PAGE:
Western US Vacation

Yesterday, we arrived home from vacation in the western United States. It was interesting to see a variety of different landscapes and visit some amazing national parks and cities. Our itinerary involved 10 states, 4,527 miles flown, 1,973 miles driven and who knows how many miles walked at the destinations. And for the most part the plan was executed without a hitch. Here is review of our experience (along with a corresponding map):

09/30: We flew from Nashville to Chicago to Seattle to Las Vegas. When we arrived in Vegas, we found out that they didn’t have any cars available in the class I reserved (I thought that was the whole point of making a reservation, but whatever), so they upgraded us to the next class. We ended up with a Jeep. The satellite radio and heated leather seats were very useful and even though I think we could have gotten away without using the four wheel drive, it was nice to have as an option. Lastly, we went to visit Freemont Street, which was incredible.

10/01: We started by going to the top of the Stratosphere to get an overview of Las Vegas. We then went to the Bellagio fountains (which weren’t on at the time) and walked the strip to down near the New York Hotel & Casino. We finished up in Las Vegas by visiting the famous Las Vegas sign. Next, we drove to and visited Hoover Dam. And then we drove to our hotel next to the Grand Canyon.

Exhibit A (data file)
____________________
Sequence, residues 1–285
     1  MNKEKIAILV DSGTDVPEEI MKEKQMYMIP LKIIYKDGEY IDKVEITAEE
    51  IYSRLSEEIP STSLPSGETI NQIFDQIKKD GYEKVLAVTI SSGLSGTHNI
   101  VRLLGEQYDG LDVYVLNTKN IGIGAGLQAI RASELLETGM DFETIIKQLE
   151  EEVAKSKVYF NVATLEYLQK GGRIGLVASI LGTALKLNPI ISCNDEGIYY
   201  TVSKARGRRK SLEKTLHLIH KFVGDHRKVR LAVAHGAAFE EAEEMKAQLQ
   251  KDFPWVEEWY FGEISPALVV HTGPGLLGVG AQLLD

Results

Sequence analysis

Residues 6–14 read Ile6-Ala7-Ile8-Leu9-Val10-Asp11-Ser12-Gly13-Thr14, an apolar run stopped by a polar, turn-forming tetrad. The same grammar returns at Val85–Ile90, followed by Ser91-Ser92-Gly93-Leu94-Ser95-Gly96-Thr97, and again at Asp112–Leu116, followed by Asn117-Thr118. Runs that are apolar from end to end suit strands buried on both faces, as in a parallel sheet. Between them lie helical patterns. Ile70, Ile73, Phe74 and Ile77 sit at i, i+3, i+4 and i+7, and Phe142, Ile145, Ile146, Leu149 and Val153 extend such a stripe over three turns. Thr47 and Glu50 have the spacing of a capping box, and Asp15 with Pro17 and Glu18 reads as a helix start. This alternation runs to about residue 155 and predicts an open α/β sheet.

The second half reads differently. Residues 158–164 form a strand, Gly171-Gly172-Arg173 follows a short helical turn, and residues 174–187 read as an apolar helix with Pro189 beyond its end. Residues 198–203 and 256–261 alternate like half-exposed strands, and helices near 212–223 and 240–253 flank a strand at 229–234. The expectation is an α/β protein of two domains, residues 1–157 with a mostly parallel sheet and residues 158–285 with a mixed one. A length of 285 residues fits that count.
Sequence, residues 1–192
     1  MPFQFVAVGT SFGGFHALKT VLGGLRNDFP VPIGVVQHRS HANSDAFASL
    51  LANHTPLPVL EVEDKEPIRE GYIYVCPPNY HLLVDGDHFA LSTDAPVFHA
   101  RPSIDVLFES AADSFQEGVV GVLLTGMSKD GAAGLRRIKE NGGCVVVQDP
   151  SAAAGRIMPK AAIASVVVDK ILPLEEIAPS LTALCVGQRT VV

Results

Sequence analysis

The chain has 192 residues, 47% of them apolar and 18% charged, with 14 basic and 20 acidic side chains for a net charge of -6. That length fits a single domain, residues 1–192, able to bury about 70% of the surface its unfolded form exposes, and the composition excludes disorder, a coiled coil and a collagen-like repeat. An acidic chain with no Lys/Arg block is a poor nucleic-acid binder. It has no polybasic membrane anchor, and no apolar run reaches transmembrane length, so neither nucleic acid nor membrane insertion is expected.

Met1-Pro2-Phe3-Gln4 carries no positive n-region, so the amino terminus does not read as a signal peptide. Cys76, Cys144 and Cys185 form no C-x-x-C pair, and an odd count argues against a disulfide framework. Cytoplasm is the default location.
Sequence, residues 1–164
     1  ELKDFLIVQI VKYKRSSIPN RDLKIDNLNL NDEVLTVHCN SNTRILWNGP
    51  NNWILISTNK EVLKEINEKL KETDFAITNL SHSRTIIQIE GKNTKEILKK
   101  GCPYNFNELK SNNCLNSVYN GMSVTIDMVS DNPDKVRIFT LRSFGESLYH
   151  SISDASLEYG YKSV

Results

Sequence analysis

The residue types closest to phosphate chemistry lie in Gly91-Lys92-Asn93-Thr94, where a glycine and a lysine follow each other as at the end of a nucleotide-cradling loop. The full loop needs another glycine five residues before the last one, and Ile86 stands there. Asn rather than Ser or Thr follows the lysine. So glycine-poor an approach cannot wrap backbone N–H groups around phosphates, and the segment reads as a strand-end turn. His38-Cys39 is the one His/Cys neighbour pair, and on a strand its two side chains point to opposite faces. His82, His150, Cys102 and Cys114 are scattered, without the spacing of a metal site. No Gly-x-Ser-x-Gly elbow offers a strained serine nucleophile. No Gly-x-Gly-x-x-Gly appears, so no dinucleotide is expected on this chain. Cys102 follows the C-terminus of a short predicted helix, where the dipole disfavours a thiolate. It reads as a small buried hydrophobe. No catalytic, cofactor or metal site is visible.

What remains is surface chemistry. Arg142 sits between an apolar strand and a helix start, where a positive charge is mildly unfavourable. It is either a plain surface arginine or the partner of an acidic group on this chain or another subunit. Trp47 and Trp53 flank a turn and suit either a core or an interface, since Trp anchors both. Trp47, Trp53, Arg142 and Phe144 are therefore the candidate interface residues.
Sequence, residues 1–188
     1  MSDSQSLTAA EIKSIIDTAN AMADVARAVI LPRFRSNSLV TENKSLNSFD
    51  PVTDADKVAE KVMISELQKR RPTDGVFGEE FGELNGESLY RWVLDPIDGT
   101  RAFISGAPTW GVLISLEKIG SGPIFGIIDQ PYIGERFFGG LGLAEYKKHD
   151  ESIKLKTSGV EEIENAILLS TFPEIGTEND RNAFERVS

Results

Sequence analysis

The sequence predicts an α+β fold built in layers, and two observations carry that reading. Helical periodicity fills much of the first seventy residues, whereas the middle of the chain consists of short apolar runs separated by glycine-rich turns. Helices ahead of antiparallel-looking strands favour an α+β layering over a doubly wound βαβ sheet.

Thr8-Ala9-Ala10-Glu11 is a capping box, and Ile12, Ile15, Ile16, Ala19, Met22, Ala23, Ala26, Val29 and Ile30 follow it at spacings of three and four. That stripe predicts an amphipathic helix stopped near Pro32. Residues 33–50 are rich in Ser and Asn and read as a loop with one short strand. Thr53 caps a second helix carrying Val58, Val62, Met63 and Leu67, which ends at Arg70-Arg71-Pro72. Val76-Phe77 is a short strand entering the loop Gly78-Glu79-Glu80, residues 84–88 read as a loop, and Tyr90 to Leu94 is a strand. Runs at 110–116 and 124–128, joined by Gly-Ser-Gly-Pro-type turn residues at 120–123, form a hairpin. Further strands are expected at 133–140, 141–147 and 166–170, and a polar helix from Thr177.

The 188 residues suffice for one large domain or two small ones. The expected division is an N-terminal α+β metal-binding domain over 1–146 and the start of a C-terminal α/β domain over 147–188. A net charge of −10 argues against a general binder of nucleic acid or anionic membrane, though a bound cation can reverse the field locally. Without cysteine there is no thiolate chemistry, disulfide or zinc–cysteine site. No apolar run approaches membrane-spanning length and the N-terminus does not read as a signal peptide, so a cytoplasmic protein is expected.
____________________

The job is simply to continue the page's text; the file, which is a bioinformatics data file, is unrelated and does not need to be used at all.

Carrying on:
10/02: We spent the entire morning on the south rim of the Grand Canyon. It was an excellent day as the temperatures were in the high 60’s (as compared the 90’s in Vegas). In the afternoon, we drove to Monument Valley, which was also an amazing landscape. Then we made our way to our hotel near Mesa Verde.

10/03: We spent the morning at Mesa Verde. We went on an hour long ranger guided tour of the Cliff Palace, which is the largest cliff dwelling in the park. The tour was really cool and a must if you ever visit Mesa Verde. Then we went to Four Corners, where 6 governing bodies have jurisdictional boundaries: the states of Arizona, Colorado, New Mexico and Utah as well as the tribal governments of the Navajo and Ute Nations. We then made our way to our hotel near Arches. On the way, we had intended on visiting Natural Bridges National Monument or Canyonlands National Park, but there wasn’t quite enough time.

10/04: We spent the first half of the day in Arches National Park. It rained that morning and the clouds persisted with windy conditions, but at least the rain had stopped while we were out and about. We drove through all of the paved roads in the park. Some arches you can see from the roads, but to see others you need to hike in. We hiked a little to see a small number of the arches, but I imagine you could spend quite a few days on that task alone. That afternoon we drove to Salt Lake City and that night we had dinner with Uncle Sully’s family. It was good to see them as it had been a while.

10/05: We spent the whole day in Salt Lake on and around Temple Square. The weather was a little more rainy than the previous day, but it still allowed us to have a look around town. Interestingly, we ran into people from home a couple of times during the day. We ate lunch at the Lion House Pantry, which was wonderful. Later while we were in the Tabernacle, we were lucky to see one of the tabernacle organists giving a personal tour to some people during which she played Bach’s Toccata and Fugue in D minor. At the end of the day, we went to the Family History Library, where Kara did some genealogical work on one of her lines. She found out a couple new things, but not quite as much as we had hoped for.